This popular greek (mediterranean) dish comes with a turkish name. Called simply 'Imam' by most, its full title is 'Imam Bayialdi', the Imam fainted, apparently when he saw how much olive oil his wife had used in the cooking. Or maybe it was just so delicious he fell down in an ecstasy.
I have cut down on the olive oil at least by half by baking the aubergine instead of frying them. Eggplant soak up olive oil like a sponge.
I cut the aubergine (eggplant) in half, score it quite deeply with a knife and bake it in the oven for about half an hour till it is soft. I just put them in a baking dish, no oil, no water or other liquid.
Then I scoop out the insides, keeping it to put in the filling. When the aubergines are soft and have cooled a little it is easy to remove the inside flesh
Then into a pot go sliced onions, not diced, 2 or 3 chopped garlic cloves, 2 or 3 big tomatoes diced, a few tablespoons of olive oil, chopped parsley, mint and basil, salt and pepper. Add the chopped aubergine that you removed from each half.
Cook till the onions are soft but not browned, add extra tomato juice or water if it is a little dry
Here is where you can add feta cheese to make it just a little tastier. Drizzle olive oil over each half aubergine, put crumbled feta in first and then fill up each little 'boat' with the onion and tomato mixture till they overflow and fill the dish with tomatoes and onions..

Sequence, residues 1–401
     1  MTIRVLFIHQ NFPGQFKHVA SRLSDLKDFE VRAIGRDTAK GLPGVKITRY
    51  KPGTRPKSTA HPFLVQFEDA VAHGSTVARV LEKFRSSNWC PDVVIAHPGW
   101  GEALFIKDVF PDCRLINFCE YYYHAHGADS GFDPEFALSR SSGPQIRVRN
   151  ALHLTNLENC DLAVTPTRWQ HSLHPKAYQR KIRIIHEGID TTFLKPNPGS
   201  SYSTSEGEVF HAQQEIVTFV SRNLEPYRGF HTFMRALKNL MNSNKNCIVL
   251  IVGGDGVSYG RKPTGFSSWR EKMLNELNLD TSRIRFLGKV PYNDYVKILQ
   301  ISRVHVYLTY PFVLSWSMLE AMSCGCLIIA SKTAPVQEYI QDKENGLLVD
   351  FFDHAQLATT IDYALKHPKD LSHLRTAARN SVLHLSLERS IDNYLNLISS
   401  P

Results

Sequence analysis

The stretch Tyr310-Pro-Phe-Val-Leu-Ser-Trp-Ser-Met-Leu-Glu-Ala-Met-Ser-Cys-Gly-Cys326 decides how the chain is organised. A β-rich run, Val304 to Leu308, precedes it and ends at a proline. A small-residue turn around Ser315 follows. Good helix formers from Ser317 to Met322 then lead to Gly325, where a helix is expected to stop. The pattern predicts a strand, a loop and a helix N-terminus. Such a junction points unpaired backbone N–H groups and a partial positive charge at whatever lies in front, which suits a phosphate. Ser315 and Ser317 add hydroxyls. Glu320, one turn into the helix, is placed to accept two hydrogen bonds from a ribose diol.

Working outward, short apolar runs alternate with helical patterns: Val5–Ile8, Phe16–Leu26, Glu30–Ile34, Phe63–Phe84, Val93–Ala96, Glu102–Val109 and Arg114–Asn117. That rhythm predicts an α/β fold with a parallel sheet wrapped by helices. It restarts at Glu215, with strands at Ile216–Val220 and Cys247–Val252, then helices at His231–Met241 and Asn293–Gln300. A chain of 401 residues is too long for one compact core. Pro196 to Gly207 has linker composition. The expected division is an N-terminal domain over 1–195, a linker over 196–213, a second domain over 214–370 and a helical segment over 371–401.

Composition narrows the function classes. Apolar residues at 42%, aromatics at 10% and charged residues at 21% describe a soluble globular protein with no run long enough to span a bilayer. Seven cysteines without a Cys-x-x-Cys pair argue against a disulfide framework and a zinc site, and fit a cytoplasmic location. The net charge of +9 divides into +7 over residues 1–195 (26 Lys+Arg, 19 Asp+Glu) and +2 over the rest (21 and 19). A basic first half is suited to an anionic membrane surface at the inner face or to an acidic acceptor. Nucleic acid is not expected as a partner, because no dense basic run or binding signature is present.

To keep it moist cover with slices of tomato.
Pour some more olive oil over the top of all this and then bake at 180oC for about half an hour. I over cooked mine and they were a bit black on top just like my stuffed tomatoes. This blackened crust just gives it more flavour. That's my excuse anyway.
Imam - eggplants baked with tomatoes, onions and garlic
i've seen several greek cooking programmes lately where they have made these.
Each cook has a slight variation.
One drizzled balsamic vinegar over the shells before adding the feta. Another added honey to the tomato sauce. Adding a little sweetener of some kind cuts through the acid of the tomato.
One cook added raisins which I thought was a great idea but my traditional greek person who loves this dish would never eat it with raisins. This same cook also served them with greek yoghurt.
They are always eaten with a big slice of feta cheese, bread and don't forget that glass of wine, after all red wine is very much part of the mediterranean diet.
If you don't like eggplant then try this recipe with zuchhini. Same method. Cut them in half, score them, bake till soft, hollow out and fill with the tomatoes, onion, garlic, herbs etc
Housewives used to salt the eggplant and soak them in water for an hour to remove the bitterness. Waste of time. I've never done that and they have never been bitter.
Enjoy your food!
An added note, nothing to do with eggplant. Thunder has been rumbling around for over an hour and the sky is lit up with really bright lightening flashes. The storm rumbled round and round us and finally the rain has started. Not enough to really water the garden though. It is beautiful and cool now and I have been standing on the terrace enjoying the show. Methinks it will only be a short one before it rumbles on over towards Athens.